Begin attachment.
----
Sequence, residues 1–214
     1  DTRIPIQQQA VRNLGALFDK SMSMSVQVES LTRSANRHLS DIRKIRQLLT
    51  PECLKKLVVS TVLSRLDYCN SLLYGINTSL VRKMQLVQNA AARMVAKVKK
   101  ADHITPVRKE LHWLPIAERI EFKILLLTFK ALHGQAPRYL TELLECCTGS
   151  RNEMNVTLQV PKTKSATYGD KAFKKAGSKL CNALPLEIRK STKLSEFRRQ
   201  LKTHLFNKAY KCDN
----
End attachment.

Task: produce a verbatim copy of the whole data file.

Sequence, residues 1–214
     1  DTRIPIQQQA VRNLGALFDK SMSMSVQVES LTRSANRHLS DIRKIRQLLT
    51  PECLKKLVVS TVLSRLDYCN SLLYGINTSL VRKMQLVQNA AARMVAKVKK
   101  ADHITPVRKE LHWLPIAERI EFKILLLTFK ALHGQAPRYL TELLECCTGS
   151  RNEMNVTLQV PKTKSATYGD KAFKKAGSKL CNALPLEIRK STKLSEFRRQ
   201  LKTHLFNKAY KCDN